If you’re searching for a guide to how to water your vegetable garden, here it is! When it comes to watering the garden, there are all sorts of advice available, and it can become confusing for gardeners. However, the question “When should I be watering my vegetable garden?” has a correct answer. There are a few things to consider when determining the best time to water your vegetable garden, meaning there are two responses to this question.
To learn more, you can read up about it at Gardening Know How: Best Time to Water Plants – When Should I Water My Vegetable Garden?
Watering Your Vegetable Plants – Morning
Early morning is the best possible time to water your plants, while temperatures are still cool. This allows water to soak into soil, reaching the plant’s roots while reducing the amount of water loss from evaporation. In addition, watering during early morning provides plants with a longer water source throughout the day, enabling plants to handle hotter temperatures of the day from sunlight.
One common gardening myth is that early morning watering can result in plants becoming scorched. This isn’t true. First, most regions of the world will not have enough sun to result in water scorching plants. Secondly, even in regions with intense sunlight, water droplets evaporate way before to causing scorching.
Because work schedules can sometimes hinder early morning watering, watering plants in the afternoon is the second-best option. Watering in the late afternoon or evening is the second-best time to water your vegetable garden. When watering in late afternoon, most of the heat from the day should be past, but the plants could still be dried before night time when temperatures are high. Also, watering during this time of day reduces the water evaporation, allowing plants many hours with no sun to take in the water.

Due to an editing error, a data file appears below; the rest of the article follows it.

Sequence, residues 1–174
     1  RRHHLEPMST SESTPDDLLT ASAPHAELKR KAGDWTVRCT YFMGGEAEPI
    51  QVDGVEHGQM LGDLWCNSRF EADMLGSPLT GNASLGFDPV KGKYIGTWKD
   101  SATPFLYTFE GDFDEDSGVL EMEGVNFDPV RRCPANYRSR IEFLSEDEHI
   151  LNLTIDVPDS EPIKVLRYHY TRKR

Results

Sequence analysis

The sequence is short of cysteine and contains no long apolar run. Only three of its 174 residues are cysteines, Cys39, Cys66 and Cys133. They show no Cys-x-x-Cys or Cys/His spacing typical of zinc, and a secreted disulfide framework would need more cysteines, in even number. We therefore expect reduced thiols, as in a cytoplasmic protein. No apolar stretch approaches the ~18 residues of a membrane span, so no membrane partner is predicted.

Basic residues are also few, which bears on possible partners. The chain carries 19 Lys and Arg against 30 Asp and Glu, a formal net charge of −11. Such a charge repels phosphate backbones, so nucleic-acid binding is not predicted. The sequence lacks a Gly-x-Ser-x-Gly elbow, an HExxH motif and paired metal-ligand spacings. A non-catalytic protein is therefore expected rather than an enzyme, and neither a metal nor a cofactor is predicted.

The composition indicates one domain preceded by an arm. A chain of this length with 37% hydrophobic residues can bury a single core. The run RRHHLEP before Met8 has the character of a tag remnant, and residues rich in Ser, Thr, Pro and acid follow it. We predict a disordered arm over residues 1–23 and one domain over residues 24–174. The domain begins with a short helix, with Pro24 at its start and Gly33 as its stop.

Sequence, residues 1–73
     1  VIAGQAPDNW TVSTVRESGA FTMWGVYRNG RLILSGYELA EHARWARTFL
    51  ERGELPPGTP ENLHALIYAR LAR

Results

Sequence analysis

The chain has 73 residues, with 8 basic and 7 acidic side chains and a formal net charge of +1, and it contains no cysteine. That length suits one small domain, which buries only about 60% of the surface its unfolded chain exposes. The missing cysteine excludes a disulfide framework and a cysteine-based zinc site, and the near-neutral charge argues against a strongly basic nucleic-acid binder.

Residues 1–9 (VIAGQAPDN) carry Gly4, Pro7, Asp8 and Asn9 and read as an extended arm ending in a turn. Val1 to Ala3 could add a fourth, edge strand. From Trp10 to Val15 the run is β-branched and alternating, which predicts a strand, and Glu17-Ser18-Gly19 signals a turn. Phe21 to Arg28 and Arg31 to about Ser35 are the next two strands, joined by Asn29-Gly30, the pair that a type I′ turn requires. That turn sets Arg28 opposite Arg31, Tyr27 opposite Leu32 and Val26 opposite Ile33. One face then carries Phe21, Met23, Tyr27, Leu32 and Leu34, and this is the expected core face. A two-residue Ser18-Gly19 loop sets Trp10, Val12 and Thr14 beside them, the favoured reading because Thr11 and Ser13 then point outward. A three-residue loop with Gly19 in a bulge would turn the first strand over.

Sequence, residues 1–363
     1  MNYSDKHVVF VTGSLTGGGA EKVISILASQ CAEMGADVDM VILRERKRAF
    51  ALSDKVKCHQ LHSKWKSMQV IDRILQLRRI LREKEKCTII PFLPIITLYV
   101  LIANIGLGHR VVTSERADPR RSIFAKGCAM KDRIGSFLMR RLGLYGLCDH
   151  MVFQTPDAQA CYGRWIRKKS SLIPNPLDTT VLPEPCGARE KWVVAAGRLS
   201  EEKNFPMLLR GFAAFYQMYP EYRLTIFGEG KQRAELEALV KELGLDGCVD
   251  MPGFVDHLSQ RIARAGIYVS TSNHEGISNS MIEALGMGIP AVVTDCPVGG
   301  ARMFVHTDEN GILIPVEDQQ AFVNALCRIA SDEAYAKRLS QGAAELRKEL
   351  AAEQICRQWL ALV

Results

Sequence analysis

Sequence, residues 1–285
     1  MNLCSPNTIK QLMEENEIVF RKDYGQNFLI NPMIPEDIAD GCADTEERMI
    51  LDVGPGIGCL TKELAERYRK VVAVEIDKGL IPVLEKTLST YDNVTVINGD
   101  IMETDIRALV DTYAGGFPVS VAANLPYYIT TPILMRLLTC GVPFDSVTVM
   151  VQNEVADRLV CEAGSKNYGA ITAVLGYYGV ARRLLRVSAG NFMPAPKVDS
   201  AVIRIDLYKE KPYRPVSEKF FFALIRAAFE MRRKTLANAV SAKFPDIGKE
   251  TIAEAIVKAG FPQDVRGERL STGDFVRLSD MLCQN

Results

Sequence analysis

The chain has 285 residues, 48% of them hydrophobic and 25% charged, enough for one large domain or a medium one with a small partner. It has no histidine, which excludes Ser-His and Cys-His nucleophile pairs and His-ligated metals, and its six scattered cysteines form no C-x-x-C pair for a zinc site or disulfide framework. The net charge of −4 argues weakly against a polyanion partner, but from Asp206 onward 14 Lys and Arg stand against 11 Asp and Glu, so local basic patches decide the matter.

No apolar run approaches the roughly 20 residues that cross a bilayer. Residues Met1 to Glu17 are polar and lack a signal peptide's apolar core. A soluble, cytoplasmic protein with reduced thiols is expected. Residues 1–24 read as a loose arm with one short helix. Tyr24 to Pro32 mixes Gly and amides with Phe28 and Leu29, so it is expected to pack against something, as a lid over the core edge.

When watering in the late afternoon, one thing to be cautious about is that leaves have time to dry prior to night fall. Damp leaves at night increase fungus growth risks, such as sooty mold or mildew. These can harm the plants. When using a soaker or drip irrigation system, watering up until night fall can be done, as leaves will not get wet with this method.
How Much Water Do My Vegetable Plants Need?
Generally, a good rule of thumb is to provide plants with one inch of water weekly, either by watering or rain. However, in more arid climates this amount should be doubled. Meanwhile, in warmer weather, vegetable plants require more water, roughly half an inch more water weekly for every 10 degrees above 60 degrees. So, in 90 degrees plants require 1 inch, plus 1.5 inches for a total of 2.5 inches weekly.
Typically, the average daytime temperature highs, and the night time lows is divided by 2. Therefore, with a high of 95 degrees, and a low of 73 degrees, to get the average add 95 + 73 (168) divided by 2, equaling 84. Thus, your garden will require at least one more inch of water. Because of this formula, many vegetable gardeners within hotter climates often laugh about 1 inch of water per week being the recommended amount.
For plants such as eggplants, squash, tomatoes and others requiring more water with leaves that easily wilt, the one-inch suggestion is often considered an underestimate.
To gauge the amount of watering, you can use a rain gauge or plastic container that will catch water from the sprinkler or watering source used. When the container or gauge collects 1-inch of water, or the needed amount based on the above formula, you have successfully provided enough water.
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